Saturday, September 24, 2011

Heavy Rains from Typhoon Roke

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Credit: SSAI/NASA, Hal Pierce

Typhoon Roke
(Western North Pacific Ocean)

Makes Landfall 
Along Southeast 
Coast of Honshu

This rainfall map was created from TRMM satellite data from Sept. 15 to 22, 2011 over and around Japan. It shows a band of very heavy rain stretching northeastward from eastern Kyushu across Shikoku and into southern Honshu from 300 mm (~12 inches, shown in green) to in excess of 550 mm (~22 inches, shown in red). Rainfall of 50 mm/~2 inches appear in light blue, and over 150 mm (~6 inches are shown in blue. )The thin black line is Roke's track, storm symbols mark Roke's 6-hourly positions.) Credit: SSAI/NASA, Hal Pierce 

Heavy Rainfall in  Japan's Honshu Region

We don't generally monitor tropical storms in the Western North Pacific Ocean during the Atlantic and East Pacific Hurricane Season of June - November but Typhoon Roke warrants mention.   Earlier this year Honshu, Japan suffered a series of devastating earthquakes and a tsunami which cancelled cruises, damaged property, injured and killed many people, and put the country at the brink of a major nuclear disaster.   Still recovering from that devastation, Honshu found itself in the path of Typhoon Roke which made landfall as a Category 1 Typhoon.   It had been as high as a Category 4 Typhoon earlier.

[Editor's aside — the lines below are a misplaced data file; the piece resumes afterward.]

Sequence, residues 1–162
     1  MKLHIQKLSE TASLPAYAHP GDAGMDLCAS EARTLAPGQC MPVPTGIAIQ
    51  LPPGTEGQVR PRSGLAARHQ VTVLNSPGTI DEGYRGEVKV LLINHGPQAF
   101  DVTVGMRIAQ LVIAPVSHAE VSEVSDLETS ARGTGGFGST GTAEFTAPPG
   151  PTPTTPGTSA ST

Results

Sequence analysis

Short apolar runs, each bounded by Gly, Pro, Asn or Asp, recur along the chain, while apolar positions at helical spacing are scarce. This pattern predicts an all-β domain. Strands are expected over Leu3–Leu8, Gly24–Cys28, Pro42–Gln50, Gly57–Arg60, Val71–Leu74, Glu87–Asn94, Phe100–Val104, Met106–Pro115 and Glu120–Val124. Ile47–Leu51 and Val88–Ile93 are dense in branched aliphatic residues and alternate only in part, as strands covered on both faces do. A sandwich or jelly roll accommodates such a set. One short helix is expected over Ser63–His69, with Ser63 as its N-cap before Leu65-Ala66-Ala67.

Landslides and flooding triggered by Typhoon Roke left as many as 13 people dead or missing. Authorities had urged more than 2.2 million residents across the country to evacuate their homes as the storm moved north, but it wasn't clear how many had left.

Officials at the troubled Fukushima Daiichi nuclear plant, where engineers are still struggling with small radiation leaks due to tsunami damage, said that the typhoon's driving winds and rain caused no immediate problems there other than a broken security camera.

Typhoon Roke came less than three weeks after Typhoon Talas, which, after landfall September 3rd, became the deadliest typhoon to rip through Japan in three decades.

Talas left more than 100 people dead or missing as record rainfall triggered mudslides and flooding in the country's central region, the highest death toll since Typhoon Tip in 1979, when 110 people were killed.

The Japan Meteorological Agency said Roke was smaller than Talas, but its wind strength was more formidable.

A tropical storm in the West Pacific, when it intensifies, becomes a Typhoon. A typhoon is a tropical storm with sustained winds in excess of 119 km/h or approximately 74 mph.

Names for most severe storms on earth:

When the winds are sustained (based on a one-minute average) at 74 mph (64 knots; 119 km/hr), the storm becomes: In the Atlantic Ocean, East Pacific, Central Pacific (east of the International Dateline) and Southeast Pacific (east of 160°E) a Hurricane; in the Northwest Pacific (west of the International Dateline) a Typhoon; in the Southwest Pacific (west of 160°E) and Southeast Indian Ocean (east of 90°E) a Severe Tropical Cyclone; in the North Indian Ocean a Severe Cyclonic Storm; and in the Southwest Indian Ocean (west of 90°E) a Tropical Cyclone.

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